That's all I have for now. Remember, leave a comment if you would like me to continue posting these!

Fantastic Finds Linky Party!

I am really enjoying these Linky Parties! What a great way to share and collaborate with the fantastic teachers I have found in the blog world. Here are my "Fantastic Finds" of the week!

1. Fabulous 4th Grade Froggies has shared some report card comments. I think these will help me avoid sounding redundant, and also save me from writer's block. With 40+ kids this year, I am sure these will come in handy!

Fabulous 4th Grade Froggies

2. Looking for creative ways to get your kids thinking while they read? Head over to A Teacher's Treasure for her "Reading is Thinking Thought Bubbles. These are great, and I know if they worked with middle schoolers, my 5th graders will be excited about them, too!

3. Even though I don't teach science anymore (insert sad face here), I thought The Teacher's Chatterbox's idea for teaching the rock cycle would have been great to use. This concept is often confusing for my kids, and this lesson using chocolate and butterscotch chips makes it so much more concrete. I will probably DEFINITELY pass this along to my teammates!

4. I don't know about you, but I LOVE lists. They are simple, easy to use, and often just what I need! Create●Teach●Share posted about a variety of lists she uses in her classroom. Hop on over and check them out...I guarentee you'll find a use for at least one (if not all) of them.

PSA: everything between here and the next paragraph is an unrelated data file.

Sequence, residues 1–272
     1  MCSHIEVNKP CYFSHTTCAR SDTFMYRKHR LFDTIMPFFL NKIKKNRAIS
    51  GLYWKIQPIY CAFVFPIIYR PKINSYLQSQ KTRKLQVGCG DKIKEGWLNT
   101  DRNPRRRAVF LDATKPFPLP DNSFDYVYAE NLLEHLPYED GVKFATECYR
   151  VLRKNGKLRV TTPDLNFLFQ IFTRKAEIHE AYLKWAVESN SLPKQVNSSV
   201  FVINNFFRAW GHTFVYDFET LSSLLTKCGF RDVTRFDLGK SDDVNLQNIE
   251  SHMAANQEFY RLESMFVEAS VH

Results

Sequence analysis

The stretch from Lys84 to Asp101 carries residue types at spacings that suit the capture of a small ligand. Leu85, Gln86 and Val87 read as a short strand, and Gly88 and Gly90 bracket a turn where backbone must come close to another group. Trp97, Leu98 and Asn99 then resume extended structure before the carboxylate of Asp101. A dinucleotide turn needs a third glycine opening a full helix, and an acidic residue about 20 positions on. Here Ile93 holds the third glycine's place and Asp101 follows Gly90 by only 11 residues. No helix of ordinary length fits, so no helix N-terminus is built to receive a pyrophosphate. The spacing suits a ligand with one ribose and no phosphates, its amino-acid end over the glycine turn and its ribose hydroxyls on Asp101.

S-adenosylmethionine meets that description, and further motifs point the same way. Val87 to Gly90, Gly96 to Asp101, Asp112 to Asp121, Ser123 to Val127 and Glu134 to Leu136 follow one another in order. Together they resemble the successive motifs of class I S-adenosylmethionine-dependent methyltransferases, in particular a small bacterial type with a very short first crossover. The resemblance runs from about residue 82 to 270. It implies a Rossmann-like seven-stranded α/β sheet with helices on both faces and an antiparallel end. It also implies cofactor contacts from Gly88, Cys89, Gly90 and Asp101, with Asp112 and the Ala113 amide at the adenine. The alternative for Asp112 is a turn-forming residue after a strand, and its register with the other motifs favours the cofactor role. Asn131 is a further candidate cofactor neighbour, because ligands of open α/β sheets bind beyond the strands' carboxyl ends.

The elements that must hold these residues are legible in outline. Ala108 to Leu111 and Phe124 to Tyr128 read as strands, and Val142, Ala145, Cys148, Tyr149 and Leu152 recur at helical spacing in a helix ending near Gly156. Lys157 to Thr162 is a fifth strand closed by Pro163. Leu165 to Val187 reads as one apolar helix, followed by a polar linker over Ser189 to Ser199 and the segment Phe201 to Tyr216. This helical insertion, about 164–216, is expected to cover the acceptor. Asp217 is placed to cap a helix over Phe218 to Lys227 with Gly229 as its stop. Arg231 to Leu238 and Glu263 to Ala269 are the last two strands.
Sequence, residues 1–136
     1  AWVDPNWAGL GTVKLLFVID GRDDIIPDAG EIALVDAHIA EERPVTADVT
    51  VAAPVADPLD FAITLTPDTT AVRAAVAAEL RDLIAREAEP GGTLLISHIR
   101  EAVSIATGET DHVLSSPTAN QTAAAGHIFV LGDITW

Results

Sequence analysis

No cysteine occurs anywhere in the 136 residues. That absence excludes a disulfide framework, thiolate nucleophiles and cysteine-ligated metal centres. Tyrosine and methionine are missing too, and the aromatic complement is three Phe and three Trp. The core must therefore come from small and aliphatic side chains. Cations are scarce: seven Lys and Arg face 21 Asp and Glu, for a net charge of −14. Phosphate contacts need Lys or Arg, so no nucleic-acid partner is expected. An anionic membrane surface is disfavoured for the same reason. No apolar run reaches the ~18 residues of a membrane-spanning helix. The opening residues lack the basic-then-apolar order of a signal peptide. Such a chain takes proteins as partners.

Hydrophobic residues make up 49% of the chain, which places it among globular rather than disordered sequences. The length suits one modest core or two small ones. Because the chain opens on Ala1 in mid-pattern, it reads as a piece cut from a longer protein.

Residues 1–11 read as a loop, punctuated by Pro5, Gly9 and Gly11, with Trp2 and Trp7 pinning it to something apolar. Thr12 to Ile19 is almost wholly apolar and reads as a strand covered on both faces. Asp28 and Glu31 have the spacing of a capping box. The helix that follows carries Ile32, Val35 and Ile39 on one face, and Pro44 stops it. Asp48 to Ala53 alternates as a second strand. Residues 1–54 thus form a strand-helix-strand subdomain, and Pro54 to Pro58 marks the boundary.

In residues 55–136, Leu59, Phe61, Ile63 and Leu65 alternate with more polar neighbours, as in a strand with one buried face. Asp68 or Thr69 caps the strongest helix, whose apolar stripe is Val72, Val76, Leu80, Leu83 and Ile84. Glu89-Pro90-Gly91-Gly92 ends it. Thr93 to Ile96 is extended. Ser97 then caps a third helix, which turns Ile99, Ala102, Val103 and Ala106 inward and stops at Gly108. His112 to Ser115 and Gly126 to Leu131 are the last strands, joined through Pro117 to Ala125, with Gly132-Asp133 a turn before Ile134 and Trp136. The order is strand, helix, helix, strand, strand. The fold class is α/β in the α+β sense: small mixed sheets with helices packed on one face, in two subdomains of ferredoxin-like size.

Create Teach Share

5. Finally my ultimate RE-find. About two years ago, the reading specialist at my former school told me about the Florida Center for Reading Research (FCRR) and all of their great reading centers for all grade levels. I had completely forgotten about it until I stumbled upon a Scholastic article about teaching main idea and details. In it I found a link to an activity from FCRR, and suddenly a thousand light bulbs went off! Long story short, I am sure you'll get lost in FCRR's links as well. 

That's it for now. Thanks for tuning in! Don't forget to head over to Thinking of Teaching and link up and share YOUR great finds!

Saturday, October 22, 2011

"Poem of the Week" Freebies!

At our school, our wonderful reading specialist provides a poem of the week every two weeks for both the primary and intermediate grades. She gathers poems and creates quick-writes to go along with them. The poems often have something to do with the season or an upcoming event/holiday. Each class works with the poems, and students hand in their work by noon on Thursdays. Then, our reading specialist chooses one primary and one intermediate students to share their response on our televised morning announcements. The kids all want to be picked, so they must make sure their responses are well thought out and well written.